Spotlight on Susan Seed: A hospice supporter since day one #hospicehero #wirralhospice #caring #donating #fun #community #thankyou

Sue A“Do you think you can do anything with this handbag, dear?” Sue Seed pops into Wirral Hospice St John’s fundraising with a brand new bag she’s been gifted. “It’s no good to me you see, and I thought you could maybe offer it in a raffle or in the charity shops?” Sue often brings in items we can use and, after being around the hospice, ever since it opened, we’re always pleased to see her.

You’ll also catch her in our Hub Café, usually on a Tuesday and Thursday, enjoying a coffee and a catch-up with the staff and whoever else is around for a friendly chat. (Sue is pictured here on the left with Thelma and Carol from The Hub). Here’s a handy tip; Say hello to Sue and you’ll learn about all kinds of subjects, from TV dramas to Strictly Come Dancing, ham radio to Liverpool FC!

Sue is 84 years young now and has retired from volunteering. Her and husband, Alec, lived in Bebington when he retired from Shell in 1982. After spending some time enjoying their retirement together, Alec was also looking to ‘put something back.’ They began volunteering at the newly opened St John’s Hospice from the very beginning. Sue recalls our first matron, Matron Jones, as a lady brimming with hospice values

For more than 20 years Sue and Alec volunteered together. (Sue had also been volunteering at Clatterbridge Hospital for the WRVS in their tea bar). At Wirral Hospice St John’s they provided essential general support duties in our Inpatients ward  and they became immersed in all the events and occasions the hospice, and its supporters, put on for our whole Wirral community.

Sue and PatriciaSue, maiden name Currie, is from London. Her father had fought and survived World War 1 but sadly died in 1937 when Sue, and her twin sister, Patricia (Sue, aged 19, is on the left of their picture here) were only three years old. Sue also remembers them hiding under the stairs during World War 2 when the family lived in East Sheen, in south west London.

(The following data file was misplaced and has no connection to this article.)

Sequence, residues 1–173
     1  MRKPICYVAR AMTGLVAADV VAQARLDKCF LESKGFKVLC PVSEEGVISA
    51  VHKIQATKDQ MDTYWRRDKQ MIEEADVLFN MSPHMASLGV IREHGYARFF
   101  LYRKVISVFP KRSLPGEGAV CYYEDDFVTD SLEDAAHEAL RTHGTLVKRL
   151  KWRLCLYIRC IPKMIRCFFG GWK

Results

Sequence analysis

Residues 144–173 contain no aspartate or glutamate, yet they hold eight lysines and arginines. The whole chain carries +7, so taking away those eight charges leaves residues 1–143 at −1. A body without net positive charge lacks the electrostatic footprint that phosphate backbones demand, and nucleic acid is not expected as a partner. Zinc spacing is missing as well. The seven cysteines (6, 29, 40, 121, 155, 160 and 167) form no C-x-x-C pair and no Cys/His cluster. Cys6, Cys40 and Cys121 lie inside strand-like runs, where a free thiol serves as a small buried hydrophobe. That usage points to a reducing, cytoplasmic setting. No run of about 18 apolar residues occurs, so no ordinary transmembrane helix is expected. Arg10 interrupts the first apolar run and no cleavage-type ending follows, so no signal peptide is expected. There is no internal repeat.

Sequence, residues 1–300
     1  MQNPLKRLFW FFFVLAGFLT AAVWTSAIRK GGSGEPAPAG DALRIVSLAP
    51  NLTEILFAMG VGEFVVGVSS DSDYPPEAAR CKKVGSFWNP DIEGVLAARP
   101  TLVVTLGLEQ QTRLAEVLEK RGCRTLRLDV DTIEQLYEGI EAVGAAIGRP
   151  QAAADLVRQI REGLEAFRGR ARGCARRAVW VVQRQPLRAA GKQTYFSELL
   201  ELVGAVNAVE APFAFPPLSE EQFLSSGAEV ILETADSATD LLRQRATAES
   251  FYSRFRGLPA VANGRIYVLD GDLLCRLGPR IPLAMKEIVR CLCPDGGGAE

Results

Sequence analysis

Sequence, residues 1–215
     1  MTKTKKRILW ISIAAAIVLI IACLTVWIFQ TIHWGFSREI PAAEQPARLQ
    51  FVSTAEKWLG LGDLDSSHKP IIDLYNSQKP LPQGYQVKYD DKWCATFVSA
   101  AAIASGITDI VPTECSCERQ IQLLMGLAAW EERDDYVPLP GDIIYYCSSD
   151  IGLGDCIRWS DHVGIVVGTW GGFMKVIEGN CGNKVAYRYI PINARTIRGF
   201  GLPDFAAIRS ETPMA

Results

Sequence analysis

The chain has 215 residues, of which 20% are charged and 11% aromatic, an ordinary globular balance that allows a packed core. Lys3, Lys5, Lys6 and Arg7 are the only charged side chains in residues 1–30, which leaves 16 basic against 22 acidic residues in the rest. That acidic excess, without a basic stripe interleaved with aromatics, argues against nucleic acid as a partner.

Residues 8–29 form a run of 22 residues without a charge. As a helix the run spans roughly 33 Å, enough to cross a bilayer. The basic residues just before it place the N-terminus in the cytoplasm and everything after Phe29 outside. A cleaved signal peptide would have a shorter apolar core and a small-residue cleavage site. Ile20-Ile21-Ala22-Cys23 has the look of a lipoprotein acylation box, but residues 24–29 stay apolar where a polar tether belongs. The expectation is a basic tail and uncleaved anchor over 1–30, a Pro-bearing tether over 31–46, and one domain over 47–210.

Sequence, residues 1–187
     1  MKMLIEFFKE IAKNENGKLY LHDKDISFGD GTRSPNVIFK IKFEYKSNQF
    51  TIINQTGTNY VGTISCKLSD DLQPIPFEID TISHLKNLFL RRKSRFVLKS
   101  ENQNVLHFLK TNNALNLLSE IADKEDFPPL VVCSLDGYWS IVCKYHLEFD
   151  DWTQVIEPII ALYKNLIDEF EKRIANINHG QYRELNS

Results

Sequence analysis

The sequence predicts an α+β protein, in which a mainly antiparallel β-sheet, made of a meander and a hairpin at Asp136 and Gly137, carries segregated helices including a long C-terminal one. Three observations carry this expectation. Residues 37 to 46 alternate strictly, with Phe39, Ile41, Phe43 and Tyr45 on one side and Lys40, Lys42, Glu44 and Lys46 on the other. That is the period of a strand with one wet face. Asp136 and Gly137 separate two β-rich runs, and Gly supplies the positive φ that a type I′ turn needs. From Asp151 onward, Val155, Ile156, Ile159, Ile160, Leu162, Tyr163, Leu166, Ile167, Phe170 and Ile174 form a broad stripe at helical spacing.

She reminisces about watching the air dog-fights between fighter aircraft and searching for shrapnel after the battles had ended. In the summer holidays the whole school would relocate to Yorkshire.

Between the ages of 18 and 21, Sue worked in the City of London. After the war, her mother moved around Greater London quite a bit until settling in Potters Bar when Sue was around 21. She then worked as a shorthand typist for the Diocesan Office of St Alban’s until she was twenty three.Sue Alec

At this time Sue visited a friend of her mum’s, ‘Auntie Jess’, (Mrs Seed), who lived in Wirral. She’d been unaware that Auntie Jess had a son, Alec, it was love at first sight!

They were married the very next year at Christ Church in Potters Bar. Over forty six years they built a life together, travelling around Europe. They loved the Canaries (*where the picture on the right was taken) and owned timeshare there. They also spent a lot of time at their caravan in the picturesque Shropshire retreat of Ellesmere.

Alec had been in the RAF during the war, working ground crew servicing Spitfires and Lancaster Bombers. Here he gained a lifelong interest in amateur radio, which Sue also enjoyed. He loved airshows and shared his love for Liverpool FC with Sue.

In 1992 they discovered that Alec had a heart condition. He lived as full a life as possible still, for another 12 years. He sadly died, in 2004.

Sue speaks to twin sister, Patricia, every night on the phone! Patricia lives in Norwich with her husband Tony, who is now 87, and Sue has three nephews and a niece all of whom she adores. Jenny, David, Timothy and Simon, have also given Sue between them, seven grand nieces and nephews. “They’re all brilliant.” she says, beaming!

Sue Seed

As well as her generous offers of material things for the hospice to raffle or sell, Sue collects some monthly membership fees for the hospice lottery for us. She also makes kind monetary donations to the various ‘giving’ initiatives we promote which help us to keep providing our essential nursing and care services at the hospice.

Sue has a distinctive ‘southern’ accent which has a charming lilt. Look out for her in the Hub Café and say hello! I promise you, it will be time well spent!ellesmere 2(Sue’s favourite view of Ellesmere – picture courtesy of shropshire-guide.co.uk)

Author: Billy Howard

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